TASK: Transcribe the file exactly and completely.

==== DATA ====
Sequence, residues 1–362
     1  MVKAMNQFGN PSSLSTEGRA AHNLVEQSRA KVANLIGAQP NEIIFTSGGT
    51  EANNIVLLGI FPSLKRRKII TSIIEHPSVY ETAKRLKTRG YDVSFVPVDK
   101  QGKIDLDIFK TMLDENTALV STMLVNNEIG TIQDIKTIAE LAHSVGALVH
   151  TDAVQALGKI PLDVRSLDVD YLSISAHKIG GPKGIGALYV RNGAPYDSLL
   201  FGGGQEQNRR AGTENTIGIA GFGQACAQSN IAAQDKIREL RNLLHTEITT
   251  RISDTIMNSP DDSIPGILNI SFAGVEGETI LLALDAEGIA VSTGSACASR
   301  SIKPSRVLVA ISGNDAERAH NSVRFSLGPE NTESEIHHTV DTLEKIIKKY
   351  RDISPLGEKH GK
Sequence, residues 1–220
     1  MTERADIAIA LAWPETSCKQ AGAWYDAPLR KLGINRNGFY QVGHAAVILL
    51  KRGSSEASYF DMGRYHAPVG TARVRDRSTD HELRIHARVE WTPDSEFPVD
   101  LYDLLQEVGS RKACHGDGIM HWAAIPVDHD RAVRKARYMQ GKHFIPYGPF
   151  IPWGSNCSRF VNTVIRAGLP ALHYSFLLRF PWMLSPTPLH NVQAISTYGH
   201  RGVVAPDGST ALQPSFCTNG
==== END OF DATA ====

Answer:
Sequence, residues 1–362
     1  MVKAMNQFGN PSSLSTEGRA AHNLVEQSRA KVANLIGAQP NEIIFTSGGT
    51  EANNIVLLGI FPSLKRRKII TSIIEHPSVY ETAKRLKTRG YDVSFVPVDK
   101  QGKIDLDIFK TMLDENTALV STMLVNNEIG TIQDIKTIAE LAHSVGALVH
   151  TDAVQALGKI PLDVRSLDVD YLSISAHKIG GPKGIGALYV RNGAPYDSLL
   201  FGGGQEQNRR AGTENTIGIA GFGQACAQSN IAAQDKIREL RNLLHTEITT
   251  RISDTIMNSP DDSIPGILNI SFAGVEGETI LLALDAEGIA VSTGSACASR
   301  SIKPSRVLVA ISGNDAERAH NSVRFSLGPE NTESEIHHTV DTLEKIIKKY
   351  RDISPLGEKH GK
Sequence, residues 1–220
     1  MTERADIAIA LAWPETSCKQ AGAWYDAPLR KLGINRNGFY QVGHAAVILL
    51  KRGSSEASYF DMGRYHAPVG TARVRDRSTD HELRIHARVE WTPDSEFPVD
   101  LYDLLQEVGS RKACHGDGIM HWAAIPVDHD RAVRKARYMQ GKHFIPYGPF
   151  IPWGSNCSRF VNTVIRAGLP ALHYSFLLRF PWMLSPTPLH NVQAISTYGH
   201  RGVVAPDGST ALQPSFCTNG